Extreme poverty exhausts institutions, depletes resources, weakens leadership, and ultimately contributes to rising insecurity and conflict. Just as poverty begets insecurity, however, the reverse is also true. As the destabilizing effects of conflict settle in, civil institutions are undermined and poverty proliferates. Breaking this nexus between poverty and conflict is one of the biggest challenges of the twenty-first century. The authors of this compelling book—some of the most experienced practitioners from around the world—investigate the complex and dynamic relationship between poverty and insecurity, exploring possible agents for change. They bring the latest lessons and intellectual framework to bear in an examination of African leadership, the private sector, and American foreign aid as vehicles for improving economic conditions and security. Contributors include Colin Kahl (University of Minnesota),Vinca LaFleur (Vinca LaFleur Communications), Edward Miguel (University of California, Berkeley), Jane Nelson (Harvard University and Brookings), Anthony Nyong (University of Jos and the International Development Research Centre, Nairobi), Susan Rice (Brookings), Robert Rotberg (Harvard University and the World Peace Foundation), Marc Sommers (Tufts University), Hendrik Urdal (International Peace Research Institute), and Jennifer Windsor (Freedom House).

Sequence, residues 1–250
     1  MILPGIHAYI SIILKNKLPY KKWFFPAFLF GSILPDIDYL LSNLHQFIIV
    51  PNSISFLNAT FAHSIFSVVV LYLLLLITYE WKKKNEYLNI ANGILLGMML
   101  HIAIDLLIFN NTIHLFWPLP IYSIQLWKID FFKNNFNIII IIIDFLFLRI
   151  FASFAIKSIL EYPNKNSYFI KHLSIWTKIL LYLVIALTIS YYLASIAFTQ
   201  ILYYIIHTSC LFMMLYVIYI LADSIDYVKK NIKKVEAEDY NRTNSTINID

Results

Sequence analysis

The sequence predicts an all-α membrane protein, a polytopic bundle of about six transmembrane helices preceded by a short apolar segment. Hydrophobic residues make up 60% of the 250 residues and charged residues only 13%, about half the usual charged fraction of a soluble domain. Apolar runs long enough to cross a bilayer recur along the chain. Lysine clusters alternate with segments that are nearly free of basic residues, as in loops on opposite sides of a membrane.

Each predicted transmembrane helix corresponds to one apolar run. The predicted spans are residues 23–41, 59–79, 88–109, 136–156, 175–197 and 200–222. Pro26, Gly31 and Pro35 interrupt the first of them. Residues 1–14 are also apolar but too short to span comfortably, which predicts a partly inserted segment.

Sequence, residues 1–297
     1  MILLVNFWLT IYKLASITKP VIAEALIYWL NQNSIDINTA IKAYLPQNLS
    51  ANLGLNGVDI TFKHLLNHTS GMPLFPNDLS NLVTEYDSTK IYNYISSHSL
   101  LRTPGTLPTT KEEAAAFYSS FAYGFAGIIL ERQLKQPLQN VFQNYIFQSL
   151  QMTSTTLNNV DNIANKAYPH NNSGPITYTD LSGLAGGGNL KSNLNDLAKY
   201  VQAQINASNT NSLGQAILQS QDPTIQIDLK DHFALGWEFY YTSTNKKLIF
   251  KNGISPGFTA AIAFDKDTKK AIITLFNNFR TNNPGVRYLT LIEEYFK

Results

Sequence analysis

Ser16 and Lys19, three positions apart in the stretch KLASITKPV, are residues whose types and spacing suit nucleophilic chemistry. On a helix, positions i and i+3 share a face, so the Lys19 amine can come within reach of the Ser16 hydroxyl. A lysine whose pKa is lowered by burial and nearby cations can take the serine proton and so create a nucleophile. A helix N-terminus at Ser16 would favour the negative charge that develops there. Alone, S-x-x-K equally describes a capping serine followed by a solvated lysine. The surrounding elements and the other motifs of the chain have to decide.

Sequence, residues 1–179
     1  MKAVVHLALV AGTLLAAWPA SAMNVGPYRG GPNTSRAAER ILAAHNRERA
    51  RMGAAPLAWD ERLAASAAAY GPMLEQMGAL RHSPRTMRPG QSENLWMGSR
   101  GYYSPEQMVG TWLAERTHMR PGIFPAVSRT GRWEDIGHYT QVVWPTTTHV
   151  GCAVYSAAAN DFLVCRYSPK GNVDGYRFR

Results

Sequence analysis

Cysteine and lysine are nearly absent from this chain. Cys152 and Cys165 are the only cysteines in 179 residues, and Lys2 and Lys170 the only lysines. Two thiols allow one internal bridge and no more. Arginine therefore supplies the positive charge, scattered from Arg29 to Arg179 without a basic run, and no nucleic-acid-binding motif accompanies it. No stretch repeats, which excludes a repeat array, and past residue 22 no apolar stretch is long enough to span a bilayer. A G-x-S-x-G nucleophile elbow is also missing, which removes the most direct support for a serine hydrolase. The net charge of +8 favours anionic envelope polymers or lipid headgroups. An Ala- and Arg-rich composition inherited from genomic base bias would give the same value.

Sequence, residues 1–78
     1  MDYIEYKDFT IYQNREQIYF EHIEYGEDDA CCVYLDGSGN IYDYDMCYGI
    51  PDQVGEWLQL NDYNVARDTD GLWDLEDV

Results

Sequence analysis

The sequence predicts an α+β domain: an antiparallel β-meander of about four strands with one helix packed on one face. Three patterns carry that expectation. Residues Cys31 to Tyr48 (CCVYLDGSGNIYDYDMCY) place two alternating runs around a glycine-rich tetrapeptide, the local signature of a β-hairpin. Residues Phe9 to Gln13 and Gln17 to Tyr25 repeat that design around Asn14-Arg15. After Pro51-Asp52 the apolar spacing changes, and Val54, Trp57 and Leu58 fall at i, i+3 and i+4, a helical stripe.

July 31, 2006
Lael Brainard is vice president and director of the Global Economy and Development Program at the Brookings Institution, where she holds the Bernard E. Schwartz Chair in International Economics. Brainard served as deputy national economic adviser in the Clinton administration. Derek Chollet is a nonresident fellow with the Brookings Institution's Global Economy and Development program. He is also a fellow in the Interntional Security Program at the Center for Strategic and International Studies and an adjunct associate professor at Georgetown University.